Thick straw bales in the walls of this off-grid home help moderate interior temperatures. The home’s south-facing windows admit the sun’s heat energy, reducing the need for mechanical heating.
Marilyn Pedretti’s house was inspired by the two years she spent in El Paso, Texas, helping build straw bale homes for an affordable housing community called Tierra Madre. While these structures were embraced in the south, says Marilyn, “people [here] thought I was crazy.” Not only were straw bale structures practically unheard of in her small community of Holmen, Wisconsin, but Pedretti planned to act as general contractor for the project while maintaining her other jobs.
She attended the Midwest Renewable Energy Association’s annual energy fair for ideas and built a garage to gain some skills. She also started collecting materials, including windows and doors, and hired architect Todd Osman to help with the design. With the help of friends and family, and theme parties like “Get Plastered with Marilyn,” Pedretti completed her house in a year and a half.
The home’s thick, insulated walls and passive solar design help moderate indoor temperatures, even during Wisconsin’s chilly winters and humid summers. Few, narrow windows on the north side minimize heat loss, while multiple windows on the south face admit solar gain, warming the space in winter. Adequate overhangs on the south shade these same windows from the hot summer sun. To the west, an eight-foot-deep porch keeps the sun out on late summer afternoons.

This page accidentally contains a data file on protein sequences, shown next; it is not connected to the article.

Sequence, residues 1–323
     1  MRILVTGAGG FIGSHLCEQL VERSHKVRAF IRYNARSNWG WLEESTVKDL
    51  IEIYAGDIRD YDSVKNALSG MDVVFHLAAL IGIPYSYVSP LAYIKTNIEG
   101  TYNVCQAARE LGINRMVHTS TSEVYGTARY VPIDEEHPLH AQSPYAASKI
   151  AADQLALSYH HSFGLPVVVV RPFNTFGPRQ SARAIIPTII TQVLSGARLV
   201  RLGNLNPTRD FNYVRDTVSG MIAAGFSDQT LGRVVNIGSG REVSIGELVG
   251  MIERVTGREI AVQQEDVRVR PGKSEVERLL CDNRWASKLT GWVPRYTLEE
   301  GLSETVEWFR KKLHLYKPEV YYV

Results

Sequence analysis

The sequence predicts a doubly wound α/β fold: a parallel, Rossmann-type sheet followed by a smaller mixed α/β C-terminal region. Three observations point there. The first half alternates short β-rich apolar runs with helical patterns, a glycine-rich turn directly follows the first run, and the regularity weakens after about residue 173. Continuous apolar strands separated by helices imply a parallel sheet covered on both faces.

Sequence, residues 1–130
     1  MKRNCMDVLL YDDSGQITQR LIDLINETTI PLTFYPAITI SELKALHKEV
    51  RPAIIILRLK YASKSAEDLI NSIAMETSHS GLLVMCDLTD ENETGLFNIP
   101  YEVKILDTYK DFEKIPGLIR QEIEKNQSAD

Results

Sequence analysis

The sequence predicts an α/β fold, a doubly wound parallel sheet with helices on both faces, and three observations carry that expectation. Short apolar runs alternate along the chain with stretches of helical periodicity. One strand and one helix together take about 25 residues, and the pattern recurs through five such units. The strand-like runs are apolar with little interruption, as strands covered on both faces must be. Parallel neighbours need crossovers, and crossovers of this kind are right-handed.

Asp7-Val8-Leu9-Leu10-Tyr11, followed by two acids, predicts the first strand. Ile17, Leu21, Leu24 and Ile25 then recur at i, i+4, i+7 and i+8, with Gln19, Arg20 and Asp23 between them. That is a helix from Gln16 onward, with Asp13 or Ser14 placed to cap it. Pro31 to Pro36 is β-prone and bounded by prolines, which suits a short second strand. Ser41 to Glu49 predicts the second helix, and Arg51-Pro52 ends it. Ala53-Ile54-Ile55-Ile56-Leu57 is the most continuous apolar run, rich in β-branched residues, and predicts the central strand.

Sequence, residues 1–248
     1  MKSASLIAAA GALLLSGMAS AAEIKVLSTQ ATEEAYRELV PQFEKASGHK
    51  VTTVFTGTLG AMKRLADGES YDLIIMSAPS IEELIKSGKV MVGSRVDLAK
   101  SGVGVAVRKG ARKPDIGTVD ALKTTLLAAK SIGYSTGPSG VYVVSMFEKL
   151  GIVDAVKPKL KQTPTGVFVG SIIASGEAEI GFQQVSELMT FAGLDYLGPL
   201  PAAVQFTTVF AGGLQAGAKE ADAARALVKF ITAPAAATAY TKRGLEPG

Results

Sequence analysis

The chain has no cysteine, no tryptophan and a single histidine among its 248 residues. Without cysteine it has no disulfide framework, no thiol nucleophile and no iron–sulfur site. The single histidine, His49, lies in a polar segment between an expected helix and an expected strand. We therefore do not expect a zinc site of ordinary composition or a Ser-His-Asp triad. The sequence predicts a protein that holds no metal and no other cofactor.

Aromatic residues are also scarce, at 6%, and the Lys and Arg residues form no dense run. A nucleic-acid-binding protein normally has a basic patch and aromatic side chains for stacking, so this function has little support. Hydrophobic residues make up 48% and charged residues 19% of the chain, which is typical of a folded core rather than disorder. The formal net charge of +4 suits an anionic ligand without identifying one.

For backup heating, the four-inch concrete slab contains hydronic tubing. Pedretti sets the temperature of the concrete at 72°F to 74°F, resulting in ambient temperatures between 58°F and 65°F. The hydronic system relies on a propane-fueled instantaneous water heater.
A pole-mounted 1 kW PV array and battery bank provide the home with electricity and power the pump for her well. Pedretti relies on a portable generator “six to 10 times a year” for backup; she goes through a single 300-gallon propane tank annually. “November and December can be pretty challenging; sometimes we get three to four days in a row without sun,” she says. She considered a grid-tied system but didn’t relish the notion of spending $4,000 just to bring electricity to the house, not to mention a basic monthly fee of nearly $30 just for the privilege of selling electricity back to the grid.
Since its completion in 2007, Pedretti’s house has been featured on the MREA’s Wisconsin Solar Tour four out of six years. She regularly opens up her house to groups from schools and colleges, and other community groups. Though her home may not have earned any official certifications, Pedretti enjoys what she calls a “happy living award.” Nobody calls her crazy anymore, either.